The review: Canteen Celbridge - the star main course is the slow-roast rump of beef
Canteen Celbridge, Main St, Donaghcumper, Celbridge, Co Kildare, (01) 627 4967
At the end of 2015, James Sheridan and Soizic Humbert took the decision to close their restaurant in Blackrock Market. The couple had recently become parents and were finding the long commute tough going with a new baby. There's a lot of talk these days about the shift in culture that's needed in order to make restaurants family-friendly workplaces for both men and women, something that's desperately needed if the nationwide shortage of chefs isn't going to develop into more of a crisis than it is already. For Sheridan and Humbert, it was the location of their restaurant that was making life difficult, so they moved closer to home.
The locals were distraught. In the few years since it opened, Canteen Blackrock had established a committed following in a village that is poorly served by restaurants despite its affluent population. In Blackrock there was a short, no-choice, fixed-price menu, necessitated in part by the tiny kitchen in which James had to work. And customers had to leave the restaurant and venture out into the market if they wanted to use the lavatory. Neither of these facts appeared to diminish the enthusiasm that they felt for the restaurant - nor do they seem to be standing in the way of James and Soizic's successors, Andrew Heron and Damien Grey, who have a big hit on their hands with Heron & Grey - for my money the best new restaurant in Dublin this year. The locals are appeased.
We arrive at Canteen Celbridge for Sunday lunch and admire the smart, modern interior - shades of grey, colourful art. Soizic says that her favourite thing about it is that the loos are inside the restaurant. The short menu (priced at €26 for two courses and €31 for three) strikes an astute balance between ensuring that there's plenty to appeal to fans of Sheridan's distinctly contemporary, French-influenced, flavour-focused food, yet nothing to scare the horses. In other words, Canteen Celbridge is somewhere that you can bring anyone, from a foodie to a plain eater, and they will all be happy. I'd defy anyone not to be seduced from the outset by the fresh-out-of-the-oven mini-baguettes that arrive on the table as we're looking at the menu.
On the day of our visit, the 'safe' option by way of starter is a salad of Macroom buffalo mozzarella bocconcini, heritage tomato, violet artichoke and basil pesto, that's simplicity itself and very lovely both to look at and to eat. More exciting are a vibrant green pea soup topped with a perfectly poached duck egg and slices of intense smoked duck breast and - our favourite - a wonderful dish of charred mackerel served with an oyster mayonnaise and little spheres of Granny Smith apple, discs of cucumber and slivers of radish.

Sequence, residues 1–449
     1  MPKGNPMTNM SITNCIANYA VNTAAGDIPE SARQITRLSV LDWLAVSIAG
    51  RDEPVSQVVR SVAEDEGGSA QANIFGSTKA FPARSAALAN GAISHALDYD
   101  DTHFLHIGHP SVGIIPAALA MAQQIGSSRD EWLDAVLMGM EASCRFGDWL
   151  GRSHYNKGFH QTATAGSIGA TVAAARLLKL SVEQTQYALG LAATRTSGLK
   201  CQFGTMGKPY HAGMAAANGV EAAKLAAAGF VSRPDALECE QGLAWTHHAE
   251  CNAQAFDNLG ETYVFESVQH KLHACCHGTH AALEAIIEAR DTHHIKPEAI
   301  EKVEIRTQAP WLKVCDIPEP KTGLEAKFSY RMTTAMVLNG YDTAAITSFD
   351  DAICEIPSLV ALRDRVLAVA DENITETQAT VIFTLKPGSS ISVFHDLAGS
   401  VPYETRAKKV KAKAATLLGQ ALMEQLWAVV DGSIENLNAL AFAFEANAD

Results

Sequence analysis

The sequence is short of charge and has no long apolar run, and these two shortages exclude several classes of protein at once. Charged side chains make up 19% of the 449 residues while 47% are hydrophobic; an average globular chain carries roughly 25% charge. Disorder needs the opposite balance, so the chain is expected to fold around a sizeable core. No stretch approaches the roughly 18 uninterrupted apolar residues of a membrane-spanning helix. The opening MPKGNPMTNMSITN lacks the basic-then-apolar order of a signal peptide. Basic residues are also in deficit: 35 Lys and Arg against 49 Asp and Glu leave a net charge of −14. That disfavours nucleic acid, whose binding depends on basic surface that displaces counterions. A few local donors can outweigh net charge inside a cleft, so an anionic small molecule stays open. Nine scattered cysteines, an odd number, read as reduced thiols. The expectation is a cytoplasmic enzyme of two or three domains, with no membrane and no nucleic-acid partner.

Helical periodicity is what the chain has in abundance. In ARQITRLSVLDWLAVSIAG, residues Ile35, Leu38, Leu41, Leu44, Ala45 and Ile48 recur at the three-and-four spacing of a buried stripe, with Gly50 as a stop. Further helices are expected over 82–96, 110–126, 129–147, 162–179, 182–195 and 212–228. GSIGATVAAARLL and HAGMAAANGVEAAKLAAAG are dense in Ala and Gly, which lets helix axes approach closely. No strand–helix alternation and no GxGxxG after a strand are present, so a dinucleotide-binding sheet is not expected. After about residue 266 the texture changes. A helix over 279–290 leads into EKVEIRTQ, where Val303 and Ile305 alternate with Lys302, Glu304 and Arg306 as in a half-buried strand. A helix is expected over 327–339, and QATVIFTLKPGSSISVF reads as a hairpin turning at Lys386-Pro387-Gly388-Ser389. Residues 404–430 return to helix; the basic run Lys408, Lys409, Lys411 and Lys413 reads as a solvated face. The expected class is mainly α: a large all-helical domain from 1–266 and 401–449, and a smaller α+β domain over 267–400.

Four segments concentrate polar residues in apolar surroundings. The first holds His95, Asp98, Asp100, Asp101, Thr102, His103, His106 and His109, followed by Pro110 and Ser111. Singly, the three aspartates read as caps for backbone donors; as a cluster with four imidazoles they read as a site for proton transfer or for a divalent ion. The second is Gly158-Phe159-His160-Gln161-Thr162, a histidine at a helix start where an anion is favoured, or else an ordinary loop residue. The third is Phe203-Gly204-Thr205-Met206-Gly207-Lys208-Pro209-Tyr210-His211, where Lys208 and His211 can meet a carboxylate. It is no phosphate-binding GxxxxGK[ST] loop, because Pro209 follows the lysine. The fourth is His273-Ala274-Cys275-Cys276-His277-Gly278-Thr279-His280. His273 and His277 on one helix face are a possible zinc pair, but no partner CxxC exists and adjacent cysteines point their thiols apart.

Confit shoulder of lamb has depth of flavour from long and slow cooking; it comes with a little sweetbread, fondant potato, leeks and charred grelot onion, while Sheridan serves a tranche of just-cooked cod with bouillabaisse sauce, fregola, confit tomato and juicy bread-crumbed deep-fried mussels, accompanied by what I think were wilted sorrel leaves, all topped with a fine crisp of sourdough and a smattering of aioli. The star main course for us is the slow-roast rump of beef alongside a tasty croquette of unctuous blade steak, heritage carrots, chard and sauce Choron, essentially a bearnaise with the addition of tomato paste. On the side are dishes of vegetables - broccoli, leeks and courgettes - doused in butter and topped with breadcrumbs, and the floury potatoes that are back in fashion this summer, cropping up in all the best restaurants.
For pudding, there is a dense piped mousse/ganache of Belcolade chocolate with poached apricots and candied almonds served with a dollop of vanilla ice-cream, plus an impeccable salted caramel crème brûlèe that has the proper ratio of crunch to custardy smoothness. Wexford strawberries, some macerated, some not, come with a delicate elderflower and yoghurt sorbet, tiny meringues and a sliver of sablè breton, and the cheeses are Mossfield and Young Buck accompanied by a cider and apple chutney. James comes out to say a quick hello, and tells us that the baby has spent the morning sitting in the kitchen in a high chair, eating broccoli, and has gone to granny's down the road while service is on. So the move has had the desired lifestyle impact, and Blackrock's loss is Celbridge's gain.
Lunch for four, including a bottle of Bardolino (€31), water and espressos, but before service, came to €175.20.
ON A BUDGET
The early evening menu, served from Tuesday to Friday, is priced at €24 for two courses and €27 for three courses.
ON A BLOW OUT
The three-course dinner menu is €38.
THE HIGH POINT
It is great to see the evolution from the modest premises that were home to Canteen in Blackrock, to somewhere that feels more grown-up, with no loss of charm in the process.
THE LOW POINT
The location is a problem for fans of the original Canteen in Blackrock, who now have to get into the car and appoint a designated driver before embarking on the journey to deepest Kildare.
9/10 value for money
Whispers from the gastronomicon
Coppinger Row is a modestly-priced lunch option close to Grafton Street, an area in which it can be hard to find somewhere to eat that doesn’t feel as if it’s meant for tourists rather than locals. Until now the restaurant has not taken reservations, other than for groups, which is no good if you are under time pressure. Now you can book Monday to Friday. The two-course ‘Menu Del Dia’ with tea or coffee is €14.50 — you might get something along the lines of mixed sausage linguini, rocket, parmesan and salsa with rhubarb Eton mess to follow.